We have finally got to the Doldrums – bizarrely in 15 – 20 knots of wind.
The fastest we have been sailing for days. My fingers have started to
peel, as they always do after my training weeks. My hands, as also usual,
are extremely painful. My fingers go dead, and the muscles ache.
Something to do with spinnaker trimming I think – a new part of sailing
that has been introduced in this part of the race virtually 24/7. When we
launched the spinnaker tonight, a tea towel popped out. Amazing what that
spinnaker eats! When we woolled it and put it away, that will probably be
for the last time this leg. Different sails from now on!
Emilia has had her 19th birthday – Emily made a lovely chocolate cake with
candles and a sparkler on it. Someone said months ago that I would not get
cake on this trip – unfortunately for the diet we bake cake and fresh bread
every day. And when it’s someone’s birthday we may even get two! On one
hand my shorts feel a little larger than when we started – but knowing my
luck they have probably stretched rather than my body shrinking.
We had the most fantastic display from a pod of dolphins – adults and
babies. They were leaping out of the water, doing somersaults and
generally playing around. Such a spectacle to see.
Once we had gone a few miles into the doldrums, the race rules have changed
this year. On the last race, some boats were caught here for nearly two
weeks without any wind. That plays havoc with the schedules and flights
out etc. So this year, we can switch on the motor for 60 hours. We have
to declare some hours ahead, and we declared to start at 10.15pm.
Ironically, there was still nearly 15 knots of wind. What a bugger!
We had a little issue with the engine room fan – like it has broken. We
found out a while ago – it looked as if an old piece of plastic had been
sucked into the mechanism and broken most of the blades. The engine
shouldn’t run without the fan on, so it might have to run with the door
open. And who sleeps next to the engine room door? Me. Just another few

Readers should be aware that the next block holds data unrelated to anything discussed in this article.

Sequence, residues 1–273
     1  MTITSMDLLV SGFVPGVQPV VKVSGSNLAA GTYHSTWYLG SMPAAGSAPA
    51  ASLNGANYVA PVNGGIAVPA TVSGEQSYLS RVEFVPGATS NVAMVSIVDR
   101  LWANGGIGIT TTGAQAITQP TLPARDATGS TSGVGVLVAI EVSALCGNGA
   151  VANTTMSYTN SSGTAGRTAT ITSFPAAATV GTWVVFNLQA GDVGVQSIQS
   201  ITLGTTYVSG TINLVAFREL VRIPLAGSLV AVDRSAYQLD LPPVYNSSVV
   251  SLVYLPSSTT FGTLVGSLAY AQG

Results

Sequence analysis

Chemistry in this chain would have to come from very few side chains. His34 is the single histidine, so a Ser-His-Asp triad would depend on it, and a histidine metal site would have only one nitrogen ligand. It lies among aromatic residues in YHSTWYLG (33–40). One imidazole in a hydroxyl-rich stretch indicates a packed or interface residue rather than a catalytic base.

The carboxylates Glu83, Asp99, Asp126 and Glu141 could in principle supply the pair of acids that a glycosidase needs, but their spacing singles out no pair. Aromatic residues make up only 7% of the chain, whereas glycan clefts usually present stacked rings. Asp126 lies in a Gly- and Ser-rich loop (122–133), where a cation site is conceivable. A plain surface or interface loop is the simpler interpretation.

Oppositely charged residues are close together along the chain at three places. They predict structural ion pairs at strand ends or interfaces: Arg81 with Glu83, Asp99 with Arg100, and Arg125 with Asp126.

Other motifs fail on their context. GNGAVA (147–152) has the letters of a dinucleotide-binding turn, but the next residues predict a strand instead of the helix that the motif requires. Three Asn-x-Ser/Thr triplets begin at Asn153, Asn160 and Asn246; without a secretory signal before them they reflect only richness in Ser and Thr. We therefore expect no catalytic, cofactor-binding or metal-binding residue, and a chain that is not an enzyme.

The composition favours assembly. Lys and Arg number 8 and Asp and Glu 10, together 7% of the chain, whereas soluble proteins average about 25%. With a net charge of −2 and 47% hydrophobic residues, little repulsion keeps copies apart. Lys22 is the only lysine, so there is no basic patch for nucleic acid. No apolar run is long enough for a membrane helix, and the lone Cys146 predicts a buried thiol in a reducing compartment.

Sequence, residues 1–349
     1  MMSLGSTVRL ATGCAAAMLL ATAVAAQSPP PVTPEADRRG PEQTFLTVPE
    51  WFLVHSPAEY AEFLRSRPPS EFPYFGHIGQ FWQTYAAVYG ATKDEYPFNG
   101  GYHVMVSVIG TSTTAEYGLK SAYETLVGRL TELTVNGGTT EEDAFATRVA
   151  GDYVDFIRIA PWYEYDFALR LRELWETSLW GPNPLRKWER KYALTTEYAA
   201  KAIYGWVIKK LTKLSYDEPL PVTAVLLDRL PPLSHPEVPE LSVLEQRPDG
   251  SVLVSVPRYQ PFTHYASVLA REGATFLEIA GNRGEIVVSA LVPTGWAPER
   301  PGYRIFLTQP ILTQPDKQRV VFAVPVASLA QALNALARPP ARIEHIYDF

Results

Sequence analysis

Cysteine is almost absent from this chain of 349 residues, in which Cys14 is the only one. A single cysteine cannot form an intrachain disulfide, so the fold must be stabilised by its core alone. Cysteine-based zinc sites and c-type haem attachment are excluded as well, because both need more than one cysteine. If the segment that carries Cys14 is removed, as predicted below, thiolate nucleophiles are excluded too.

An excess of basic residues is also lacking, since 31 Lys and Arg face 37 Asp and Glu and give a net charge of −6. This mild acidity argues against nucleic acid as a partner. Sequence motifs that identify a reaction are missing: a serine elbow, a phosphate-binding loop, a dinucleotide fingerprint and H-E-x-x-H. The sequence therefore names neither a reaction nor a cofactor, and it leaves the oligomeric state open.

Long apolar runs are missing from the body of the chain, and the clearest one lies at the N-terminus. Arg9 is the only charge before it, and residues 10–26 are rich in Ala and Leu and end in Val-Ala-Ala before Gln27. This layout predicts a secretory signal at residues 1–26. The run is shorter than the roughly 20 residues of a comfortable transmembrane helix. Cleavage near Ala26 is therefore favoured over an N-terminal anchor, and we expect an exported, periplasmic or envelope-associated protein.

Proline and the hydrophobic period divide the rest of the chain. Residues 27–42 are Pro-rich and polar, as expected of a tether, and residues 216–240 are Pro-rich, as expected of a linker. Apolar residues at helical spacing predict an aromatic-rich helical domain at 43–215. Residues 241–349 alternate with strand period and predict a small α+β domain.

degrees to contend with. What is an extra twenty or so degrees onto the
forty or so that it is to sleep in anyway? I have never sweated so much in
my life – probably more in the last couple of weeks that the whole of the
fifty five years previously added together. I am so looking forward to
getting to Rio to sleep in an air conditioned room and a proper bed. But
the Dad’s Army brigade have come to the rescue again, and done a repair
job. Not sure it is going to last – but keeping my fingers crossed that
the door doesn’t have to open when I am trying to sleep.
I was hit by my first flying fish last night – right in the bottom. It
then fell to the deck and wriggled under the cover of the grinder
mechanism, so that all had to be dismantled to get it out. That would have
smelled good in this heat once the sun had come up. I am still convinced
that they can’t see in the dark – but without good old google to help me
with that one I don’t know the definitive answer.
We had a good sort out of the food today – it is very peaceful sailing at
the moment so lots of little jobs are getting done. We have had to pack
everything very carefully we have been warned that as soon as we pop out
of the doldrums (in a good wind according to the forecast) the wind will be
directly on our nose. That means that we will have normal sails up, and
the boat will be heeled over at 45 degrees all the way to Rio. Oh what
joy! Not looking forward to that bit at all. The good news was we found
the 100 wraps that we lost from the off! Under Kat’s bunk with the bleach.
Hmm. That did make a little issue when tuna and sweetcorn wraps were on
the menu! We can have them several times now in the next ten days or so.
Wendo needed to get to something under my bunk, and discovered my Henri
Lloyd wheelie suitcase (the order not to buy hard bottomed cases with
wheels came after I made my purchase). She hollered up the companionway as to who owned a wheelie case – oh dear. Me! Thought I might have got away with that one until we arrived back into London. I thought that I had put it in the ideal place – out of everyone’s way. Obviously not! I think we need to get out of the doldrums so that her mind is on sailing and not on my inappropriate luggage.
As we are motoring, there are only four of us on duty at one time – the
rest can get a whole nights sleep. Wendo did say that we had to try not to
hit anything – considering we had seen nothing for two days now it seems
highly unlikely. She followed that up by saying she never knows when she
is going to bump into old mates! If you can that is with sweat pouring off
you like the grand rapids at high water level. My turn tonight. Wonder
how that is going to go then?
PS In answer to someone’s comment, Flo is the name of our boat that some of
the crew gave her before we had a sponsor. Sounded more personal than
CV25. She is also now known as Flo’s Patisserie!